If there’s a weakness I have as a storyteller in RPGs, it’s that I’m not good with short stories, with modules/adventures, etc. I can make them, I can write them even, but when I’m working them into the plot, I’ll always end up building on top of it, adding more plot, more characters, slow turning the simple adventure into a 3-year campaign. Of course, only I know this; my players don’t know how the simple “go into the bandit’s cave” from the first session turned, in my head, into “we have to perform the ritual that will banish the ancient demon once and for all”. Sometimes, not even I know how I leapt from the simple adventure to the epic-scale campaign, but I don’t mind; as long as I can tell a story and have fun with it, I’m fine with it.

As a storyteller, I focus on the story and characters in tandem, but not in the sense of building them up to be heroes. No, that’ll come or not in its own time and with the players’ efforts. What I mean is I put a lot of emphasis on character growth. I force my players into new and sometimes awkward situations, the results being the character’s growing as people (if the players do so as well it’s purely accidental).

As for the story, I work hard on keeping it interesting, even the slow parts, and instill on my players a sense of urgency, or dread or whatever may be the case, even if it’s giving them a chance to catch their breath and have some downtime. But just as I said about consequences, even if he characters aren’t doing anything, it doesn’t mean the plot isn’t advancing. The various factions will still be working at their secret projects, the Megacorporations will still plot and hire people, and the adventuring community in the world will spread the word about the world-ending threat on the horizon.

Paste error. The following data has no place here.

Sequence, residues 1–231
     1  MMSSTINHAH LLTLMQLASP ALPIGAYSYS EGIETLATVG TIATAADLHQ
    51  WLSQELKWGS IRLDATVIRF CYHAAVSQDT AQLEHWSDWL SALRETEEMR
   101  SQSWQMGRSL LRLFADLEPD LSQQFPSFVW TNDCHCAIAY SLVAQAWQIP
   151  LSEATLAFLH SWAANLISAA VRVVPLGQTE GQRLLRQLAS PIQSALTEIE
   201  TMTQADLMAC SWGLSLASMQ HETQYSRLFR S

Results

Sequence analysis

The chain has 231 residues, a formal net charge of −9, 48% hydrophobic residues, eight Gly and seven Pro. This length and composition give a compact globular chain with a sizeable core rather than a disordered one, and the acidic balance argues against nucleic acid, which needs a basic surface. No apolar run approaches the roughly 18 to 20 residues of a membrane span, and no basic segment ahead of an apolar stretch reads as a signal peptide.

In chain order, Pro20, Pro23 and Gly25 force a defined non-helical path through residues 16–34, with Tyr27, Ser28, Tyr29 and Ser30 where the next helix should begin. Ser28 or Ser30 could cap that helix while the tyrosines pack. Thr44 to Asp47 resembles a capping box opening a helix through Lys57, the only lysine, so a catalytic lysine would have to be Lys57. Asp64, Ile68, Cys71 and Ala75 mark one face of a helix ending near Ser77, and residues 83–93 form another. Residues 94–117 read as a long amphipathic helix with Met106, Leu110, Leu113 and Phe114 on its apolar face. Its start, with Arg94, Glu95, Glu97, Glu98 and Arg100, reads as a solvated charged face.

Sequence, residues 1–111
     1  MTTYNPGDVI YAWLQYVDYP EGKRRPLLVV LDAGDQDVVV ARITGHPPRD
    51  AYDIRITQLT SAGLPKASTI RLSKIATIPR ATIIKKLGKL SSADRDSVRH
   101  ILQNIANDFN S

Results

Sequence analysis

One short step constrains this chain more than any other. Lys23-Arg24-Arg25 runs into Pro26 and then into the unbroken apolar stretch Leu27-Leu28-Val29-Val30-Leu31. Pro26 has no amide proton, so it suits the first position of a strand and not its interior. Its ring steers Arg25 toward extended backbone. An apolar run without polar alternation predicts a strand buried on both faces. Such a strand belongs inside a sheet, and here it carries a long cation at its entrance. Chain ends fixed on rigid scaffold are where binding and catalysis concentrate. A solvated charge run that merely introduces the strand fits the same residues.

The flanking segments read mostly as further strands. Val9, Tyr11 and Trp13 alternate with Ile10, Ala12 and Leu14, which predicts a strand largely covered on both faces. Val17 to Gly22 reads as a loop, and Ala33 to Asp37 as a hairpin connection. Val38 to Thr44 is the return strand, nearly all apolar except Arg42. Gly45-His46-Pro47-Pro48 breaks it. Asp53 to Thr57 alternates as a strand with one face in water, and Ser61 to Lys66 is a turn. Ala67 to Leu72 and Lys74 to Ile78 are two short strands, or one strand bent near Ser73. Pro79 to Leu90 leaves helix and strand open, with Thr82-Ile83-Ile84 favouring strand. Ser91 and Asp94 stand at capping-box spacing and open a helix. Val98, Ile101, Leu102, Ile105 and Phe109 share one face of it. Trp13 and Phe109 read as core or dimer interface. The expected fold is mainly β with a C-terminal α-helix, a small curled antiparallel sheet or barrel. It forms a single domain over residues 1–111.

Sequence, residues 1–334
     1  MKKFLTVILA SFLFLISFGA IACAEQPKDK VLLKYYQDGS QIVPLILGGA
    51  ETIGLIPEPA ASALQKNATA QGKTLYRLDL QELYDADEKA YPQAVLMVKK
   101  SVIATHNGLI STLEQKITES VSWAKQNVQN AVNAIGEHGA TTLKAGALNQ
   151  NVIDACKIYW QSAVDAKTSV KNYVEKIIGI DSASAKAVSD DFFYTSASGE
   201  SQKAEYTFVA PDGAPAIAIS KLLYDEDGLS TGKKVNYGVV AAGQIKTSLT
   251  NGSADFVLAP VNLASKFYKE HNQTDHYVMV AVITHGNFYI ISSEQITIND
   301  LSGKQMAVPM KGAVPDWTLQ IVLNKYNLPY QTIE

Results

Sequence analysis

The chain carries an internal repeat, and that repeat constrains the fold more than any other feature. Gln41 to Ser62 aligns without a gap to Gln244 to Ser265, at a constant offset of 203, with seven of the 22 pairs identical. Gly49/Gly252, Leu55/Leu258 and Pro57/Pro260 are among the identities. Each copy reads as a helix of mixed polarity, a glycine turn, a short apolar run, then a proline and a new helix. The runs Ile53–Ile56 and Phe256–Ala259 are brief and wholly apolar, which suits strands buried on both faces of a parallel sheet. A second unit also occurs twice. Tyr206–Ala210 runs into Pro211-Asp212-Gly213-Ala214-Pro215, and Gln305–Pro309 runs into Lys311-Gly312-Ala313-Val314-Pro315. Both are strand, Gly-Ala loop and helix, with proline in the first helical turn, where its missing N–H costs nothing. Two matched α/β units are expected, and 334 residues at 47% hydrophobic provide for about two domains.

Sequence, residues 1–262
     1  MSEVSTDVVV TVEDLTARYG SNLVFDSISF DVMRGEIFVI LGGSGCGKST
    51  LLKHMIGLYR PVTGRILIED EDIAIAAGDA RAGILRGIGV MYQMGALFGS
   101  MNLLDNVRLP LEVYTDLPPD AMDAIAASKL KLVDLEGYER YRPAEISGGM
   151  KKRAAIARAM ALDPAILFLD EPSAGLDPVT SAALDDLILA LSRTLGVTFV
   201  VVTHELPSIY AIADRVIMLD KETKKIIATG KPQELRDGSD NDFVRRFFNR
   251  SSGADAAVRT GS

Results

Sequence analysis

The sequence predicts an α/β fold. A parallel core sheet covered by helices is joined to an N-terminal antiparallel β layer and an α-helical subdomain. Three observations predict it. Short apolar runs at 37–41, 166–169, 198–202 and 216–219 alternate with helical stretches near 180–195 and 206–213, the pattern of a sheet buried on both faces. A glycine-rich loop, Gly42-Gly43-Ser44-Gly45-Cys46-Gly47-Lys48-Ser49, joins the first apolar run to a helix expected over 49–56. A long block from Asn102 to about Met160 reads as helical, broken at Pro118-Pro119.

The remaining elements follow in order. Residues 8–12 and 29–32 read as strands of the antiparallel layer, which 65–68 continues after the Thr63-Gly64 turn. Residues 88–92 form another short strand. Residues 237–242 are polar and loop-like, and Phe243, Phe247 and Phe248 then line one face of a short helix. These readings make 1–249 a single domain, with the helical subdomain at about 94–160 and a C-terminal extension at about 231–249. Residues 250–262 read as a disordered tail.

In other words, by giving the characters freedom but consequences, and allowing the world to keep turning even without player input, I’m making sure that world feels real, feels solid and believable, even if it’s just in our heads and our character sheets.

As for the difficulty, that’s just me being mean and hating games on the “Easy” difficulty level.

Now that I’ve ranted on and on about it, I need to ask you. What kind of a DM/GM/ST are you?

7 responses to “What kind of a DM/GM/ST are you?

  1. Mmm interesting post. As a GM, I like to go for shock, comedy (sometimes reeeeeeally dark comedy), gore, high adventure, conspiracy and moral delusions. If players think they are going one way, they will always be reminded there is other people around who may or many not like what they are doing…

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    • Could you give an example of what you call Shock? Different people are shocked by different things, and I think it’s interesting to know how you go about shocking a particular group of people.

      How would you go for shock with a new group of people, complete strangers?

      When I want to mess with people’s heads, I do it progressively, adding something slightly disturbing here and there and gauging their reactions to the imagery and the descriptions, until I have a good sense of what will work or not. Then, the next time something disturbing will come along, I’ll go for broke and do it big 🙂